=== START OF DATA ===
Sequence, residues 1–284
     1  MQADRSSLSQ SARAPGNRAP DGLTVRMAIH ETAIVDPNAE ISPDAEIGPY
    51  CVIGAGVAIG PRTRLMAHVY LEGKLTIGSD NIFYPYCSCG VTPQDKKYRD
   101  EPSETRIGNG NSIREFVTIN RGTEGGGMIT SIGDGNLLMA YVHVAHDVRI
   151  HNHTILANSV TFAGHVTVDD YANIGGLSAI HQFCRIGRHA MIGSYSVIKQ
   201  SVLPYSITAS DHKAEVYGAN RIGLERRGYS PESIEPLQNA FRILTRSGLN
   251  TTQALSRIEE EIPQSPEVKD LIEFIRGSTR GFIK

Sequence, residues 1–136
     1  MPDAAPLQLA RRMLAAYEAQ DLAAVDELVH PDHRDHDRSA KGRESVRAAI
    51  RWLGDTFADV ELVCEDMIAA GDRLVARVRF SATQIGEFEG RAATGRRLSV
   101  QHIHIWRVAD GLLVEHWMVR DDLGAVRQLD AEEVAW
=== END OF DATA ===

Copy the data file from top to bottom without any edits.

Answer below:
Sequence, residues 1–284
     1  MQADRSSLSQ SARAPGNRAP DGLTVRMAIH ETAIVDPNAE ISPDAEIGPY
    51  CVIGAGVAIG PRTRLMAHVY LEGKLTIGSD NIFYPYCSCG VTPQDKKYRD
   101  EPSETRIGNG NSIREFVTIN RGTEGGGMIT SIGDGNLLMA YVHVAHDVRI
   151  HNHTILANSV TFAGHVTVDD YANIGGLSAI HQFCRIGRHA MIGSYSVIKQ
   201  SVLPYSITAS DHKAEVYGAN RIGLERRGYS PESIEPLQNA FRILTRSGLN
   251  TTQALSRIEE EIPQSPEVKD LIEFIRGSTR GFIK

Sequence, residues 1–136
     1  MPDAAPLQLA RRMLAAYEAQ DLAAVDELVH PDHRDHDRSA KGRESVRAAI
    51  RWLGDTFADV ELVCEDMIAA GDRLVARVRF SATQIGEFEG RAATGRRLSV
   101  QHIHIWRVAD GLLVEHWMVR DDLGAVRQLD AEEVAW